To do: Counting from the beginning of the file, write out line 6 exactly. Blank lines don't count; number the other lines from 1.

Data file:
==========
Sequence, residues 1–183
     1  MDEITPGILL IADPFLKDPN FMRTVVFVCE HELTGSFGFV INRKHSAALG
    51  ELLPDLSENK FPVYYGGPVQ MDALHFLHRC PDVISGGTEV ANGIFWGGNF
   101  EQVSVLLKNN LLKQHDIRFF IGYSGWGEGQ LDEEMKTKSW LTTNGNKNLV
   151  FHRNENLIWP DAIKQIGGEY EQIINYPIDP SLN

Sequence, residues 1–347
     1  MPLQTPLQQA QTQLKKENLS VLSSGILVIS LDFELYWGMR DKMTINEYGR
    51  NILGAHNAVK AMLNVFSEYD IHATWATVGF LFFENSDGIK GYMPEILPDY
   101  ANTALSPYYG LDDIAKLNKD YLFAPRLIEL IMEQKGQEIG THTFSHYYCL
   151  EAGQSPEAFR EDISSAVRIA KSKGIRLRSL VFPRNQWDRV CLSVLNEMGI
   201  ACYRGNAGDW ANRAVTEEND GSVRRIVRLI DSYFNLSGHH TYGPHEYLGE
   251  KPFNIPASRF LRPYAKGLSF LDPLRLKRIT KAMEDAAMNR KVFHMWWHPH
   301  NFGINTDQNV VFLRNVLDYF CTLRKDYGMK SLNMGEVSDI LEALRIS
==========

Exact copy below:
Sequence, residues 1–347